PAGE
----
Newman claimed Hillary Clinton only "allowed some military uniforms" in White House

››› ››› MEDIA MATTERS STAFF

After a caller claimed that Democratic presidential candidate Sen. Hillary Rodham Clinton (NY) is "not going to allow any [military uniforms] in the White House," Newsradio 850 KOA host "Gunny" Bob Newman repeated the myth that Clinton only "allowed some military uniforms" in the White House when she was first lady. In fact, numerous media reports have debunked the claim about Clinton's supposed ban on military uniforms, as Colorado Media Matters noted when Newman made a similar assertion on a previous broadcast.

Prompted by a caller to his November 26 show, Newsradio 850 KOA's "Gunny" Bob Newman repeated the debunked assertion that as first lady, Democratic presidential candidate Sen. Hillary Rodham Clinton (NY) only "allowed some military uniforms" in the White House. Newman cited right-wing author and retired Air Force Lt. Col. Robert "Buzz" Patterson's book Dereliction of Duty (Regnery, March 2003) to support his contention that military uniforms were "offensive" to the "Clintonista regime."

However, The Washington Post reported on April 1, 1993, that Clinton's supposed ban "didn't happen," as Colorado Media Matters noted when Newman made a similar assertion on his August 25, 2006, broadcast. Moreover, Media Matters for America has documented that Patterson later echoed the dubious uniforms assertion by claiming that when he worked in the White House in 1996 Clinton "wanted to outlaw uniforms, military uniforms in the White House," and that Patterson's account of Clinton's purported plan to ban military uniforms in the White House varies with each telling.

From the November 26 broadcast of Newsradio 850 KOA's The Gunny Bob Show:

CALLER: I called about [U.S. Sen.] Trent [Lott (R-MS)], but let me say something about Diana DeGette. Diana -- the troops are coming home. Will they be wearing their uniforms? Because we know Hillary's not going to allow any in the White House, and I imagine her "don't ask, don't tell," and the policy of no military in the White House with uniforms, I imagine there's no reason why she can't just do it countrywide, right? I mean, let's just go ahead and strip the -- you know, bottom line is, these two libs -- what a love fest, but Diana DeGette will always have her job there because of the dumb-ass liberals in Denver that are gonna vote in that district that are gonna vote her in. And there's a lot of stupid women out there, Gunny Bob, that are going to vote for Hillary lock, stock --

NEWMAN: Oh, there are a lot of stupid men too, [caller]. And at the same time --

CALLER: Yeah, absolutely, absolutely.

NEWMAN: Now, you do know that Hillary did allow some -- only a few -- she allowed some military uniforms like, you know, the Marines who were standing outside opening the doors and stuff like that. But if you read Colonel "Buzz" Patterson's book Dereliction of Duty, he was there, and he got the memo, and, you know, who was allowed to wear because, you know -- and how offensive military uniforms were to the Clintonista regime, you know. But they knew they had to allow a handful of them in there, you know, so that they could have --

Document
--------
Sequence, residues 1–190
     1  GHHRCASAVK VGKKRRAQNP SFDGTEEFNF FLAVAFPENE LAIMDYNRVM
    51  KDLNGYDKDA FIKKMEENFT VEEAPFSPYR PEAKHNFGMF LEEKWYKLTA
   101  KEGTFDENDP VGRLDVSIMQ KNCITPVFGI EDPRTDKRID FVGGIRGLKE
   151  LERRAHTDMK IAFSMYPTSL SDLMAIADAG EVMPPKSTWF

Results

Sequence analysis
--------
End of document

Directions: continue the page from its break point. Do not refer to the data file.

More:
CALLER: Right.

The allegation that Clinton imposed a ban on the wearing of military uniforms in the White House was reported as early as April 1, 1993, in a Post article [by subscription or purchase only] that referred to "[a] whole series of apocryphal anecdotes [that] have made the rounds and fed military disaffection." With regard to "the one about Hillary Rodham Clinton's ban on uniforms in the White House," the Post reported that it "didn't happen." Similarly, Newsweek reported in December 2005 that "[t]here are still soldiers who swear by the myth that she banned uniforms at the White House." In its March 15, 1993, edition, U.S. News & World Report reported, "Among other poisonous rumors is the tale that the Clintonites are preparing to order military personnel to wear civilian clothes, not their uniforms, whenever they enter the White House." U.S. News noted that the White House denied the story.

Moreover, as Media Matters noted, Patterson's story of Clinton's purported "edict" -- which he says occurred in 1996 "when he first arrived" at the White House -- echoes the claim about Clinton that the Post debunked in 1993. And Patterson's version of how he learned of Clinton's purported plan to ban military uniforms in the White House when he worked there in 1996 varies with each telling. In Dereliction of Duty, Patterson claimed that he had learned of Clinton's supposed desire to ban military uniforms from his predecessor. When Slate.com's Timothy Noah wrote about stories surrounding Clinton's purported aversion to military uniforms in the White House, Patterson responded by asserting that he "had firsthand knowledge of the First Lady's edict." In yet another retelling, Patterson told author Edward Klein, "The directive came down from Hillary through the President's chief of staff, Leon Panetta."

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